"If you have a closet (or any doorway) covered with a bifold door there is an astroid lurking just inside and the only way you can get to it is to coax it carefully with a little bit of calculus," Seiple and his coauthors note. "If your door has more than one fold there are even more interesting objects waiting to be discovered."

Seiple's analysis shows that a bifold door traces out a path that consists of two curves. Given that each panel has a width r/2, a closing bifold door first sweeps out a circular arc of radius r/2. At 45 degrees, however, its path changes. Whereas the first part of the path was convex, the second part is concave. It now traces out part of a type of curve known as an astroid.

In this case, the area swept out by the door is 5πr2/64. That's a saving of nearly 70 percent, compared with a standard door.

"It is clear that adding 2, 3, 4, or n folds will reduce the floor space required even further," Seiple says.

At the same time, "adding more hinges has no effect on the astroidal portion of the curve," he adds. "The very same astroid appears regardless of the number of folds in the door as long as all of the panels are hinged so that they make the same angle with the front of the closet."

Interestingly, the entire path would be an astroid if you happened to have a "door" with no hinges. As one side of the door moved along a track across the closet opening, the other side would move along a track at right angles to the closet opening.

As the door closes (above), points A and B move toward points B and C respectively.

You'd see the same path traced by an initially vertical ladder that slips down and away from a wall.

References:

Seiple, D., E. Boman, and R. Brazier. 2007. Mom! There's an astroid in my closet! Mathematics Magazine 80(April):104-111.

## May 4, 2007

### Integral Heptagons

It isn't hard to find three points such that the distance between each pair of points is an integer. Three points defining a right triangle with sides 3, 4, and 5 represent one such example. Triangles characterized by Pythagorean triples and many other triangles exhibit such integral relationships.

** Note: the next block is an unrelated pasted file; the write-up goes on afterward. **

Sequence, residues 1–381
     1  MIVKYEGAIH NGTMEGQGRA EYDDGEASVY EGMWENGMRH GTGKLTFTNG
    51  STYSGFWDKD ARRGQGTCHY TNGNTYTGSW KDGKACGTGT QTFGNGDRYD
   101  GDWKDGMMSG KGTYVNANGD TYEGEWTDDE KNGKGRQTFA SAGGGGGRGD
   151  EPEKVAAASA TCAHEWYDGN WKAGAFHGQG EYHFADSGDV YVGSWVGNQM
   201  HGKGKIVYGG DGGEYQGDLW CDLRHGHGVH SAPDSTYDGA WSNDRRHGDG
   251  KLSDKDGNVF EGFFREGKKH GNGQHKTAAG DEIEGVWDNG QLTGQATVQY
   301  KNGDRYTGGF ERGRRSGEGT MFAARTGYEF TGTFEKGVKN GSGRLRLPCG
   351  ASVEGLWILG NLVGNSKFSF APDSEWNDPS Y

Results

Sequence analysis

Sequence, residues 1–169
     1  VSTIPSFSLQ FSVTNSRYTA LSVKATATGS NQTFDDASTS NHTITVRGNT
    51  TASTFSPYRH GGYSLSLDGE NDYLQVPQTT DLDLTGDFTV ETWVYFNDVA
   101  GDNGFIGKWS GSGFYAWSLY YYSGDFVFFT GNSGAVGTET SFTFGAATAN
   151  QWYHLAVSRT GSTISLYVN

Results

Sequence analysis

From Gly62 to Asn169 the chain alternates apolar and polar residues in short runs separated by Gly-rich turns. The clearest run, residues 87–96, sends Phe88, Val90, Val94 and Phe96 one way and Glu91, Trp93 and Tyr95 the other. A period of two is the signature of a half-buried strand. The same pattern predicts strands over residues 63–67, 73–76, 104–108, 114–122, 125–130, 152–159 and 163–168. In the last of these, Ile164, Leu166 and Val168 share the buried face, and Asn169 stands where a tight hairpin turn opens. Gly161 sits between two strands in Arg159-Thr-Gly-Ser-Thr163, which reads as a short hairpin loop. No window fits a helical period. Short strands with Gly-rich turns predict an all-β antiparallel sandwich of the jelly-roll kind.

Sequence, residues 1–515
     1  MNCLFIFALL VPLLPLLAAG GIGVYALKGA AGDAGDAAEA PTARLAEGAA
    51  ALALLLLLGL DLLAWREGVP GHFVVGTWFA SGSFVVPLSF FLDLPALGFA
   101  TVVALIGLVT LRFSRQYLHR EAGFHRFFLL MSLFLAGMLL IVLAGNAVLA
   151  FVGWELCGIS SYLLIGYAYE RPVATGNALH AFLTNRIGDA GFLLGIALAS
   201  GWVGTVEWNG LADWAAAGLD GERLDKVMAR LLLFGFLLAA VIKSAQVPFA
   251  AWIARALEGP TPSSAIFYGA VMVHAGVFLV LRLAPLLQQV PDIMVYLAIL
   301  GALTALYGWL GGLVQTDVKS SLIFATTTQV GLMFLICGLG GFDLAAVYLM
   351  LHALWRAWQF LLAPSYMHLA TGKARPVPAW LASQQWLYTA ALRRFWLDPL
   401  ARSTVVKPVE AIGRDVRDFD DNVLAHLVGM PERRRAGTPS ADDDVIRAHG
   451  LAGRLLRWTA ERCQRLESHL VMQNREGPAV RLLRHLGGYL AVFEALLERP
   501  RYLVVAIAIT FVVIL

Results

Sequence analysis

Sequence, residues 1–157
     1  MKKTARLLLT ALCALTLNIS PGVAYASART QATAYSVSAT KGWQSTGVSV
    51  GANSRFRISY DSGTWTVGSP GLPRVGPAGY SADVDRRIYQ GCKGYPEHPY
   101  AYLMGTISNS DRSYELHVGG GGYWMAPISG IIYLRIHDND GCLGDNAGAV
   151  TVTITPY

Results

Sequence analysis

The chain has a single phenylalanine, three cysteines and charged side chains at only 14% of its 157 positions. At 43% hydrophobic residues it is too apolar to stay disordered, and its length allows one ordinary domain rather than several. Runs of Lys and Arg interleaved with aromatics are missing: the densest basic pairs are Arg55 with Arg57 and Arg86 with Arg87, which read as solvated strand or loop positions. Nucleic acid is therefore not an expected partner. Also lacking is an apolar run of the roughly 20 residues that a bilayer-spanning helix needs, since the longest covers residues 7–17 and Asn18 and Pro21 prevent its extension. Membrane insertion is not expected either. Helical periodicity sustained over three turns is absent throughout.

It's not so clear that there are sets of four points in which the distance between each pair is an integer, but there are. It's even less clear for five, six, seven, or more points.

The problem of finding sets of points with all mutual distances integers has intrigued many mathematicians, including Abram Besicovitch (1891–1970) and Paul Erdős (1913–1996). Erdős originally asked for five points in the plane, no three on a line, no four on a circle with the distance between each pair of points an integer.

When that problem was solved, six points became the target. There proved to be infinite families of such point sets.

Now, the seven-point case has been solved. Using an exhaustive computer search, Tobias Kreisel and Sascha Kurz of the University of Bayreuth found a integral heptagon, in which no three points lie on a line and no four points lie on a circle. In fact, they came up with two examples.

The following table gives the distances between the pairs of points in the smallest possible integral heptagon.

For a diagram of this heptagon, see Ed Pegg's current Math Games column.

In each case, you can also look the smallest possible diameter, d, where the diameter is the largest occurring distance in a point set. For four points, d = 8; for five points, d = 73, and for six points, d = 174. The new results show that, for seven points, d = 22,270.

The new target? Are there eight points in the plane, no three on a line, no four on a circle with pairwise integral distances?

References:

Brass, P., W. Moser, and J. Pach. 2005. Research Problems in Discrete Geometry. New York: Springer.

Guy, R.K. 1994. Unsolved Problems in Number Theory, 2nd. ed. New York: Springer.

Kreisel, T., and S. Kurz. Preprint. There are integral heptagons, no three points on a line, no four on a circle.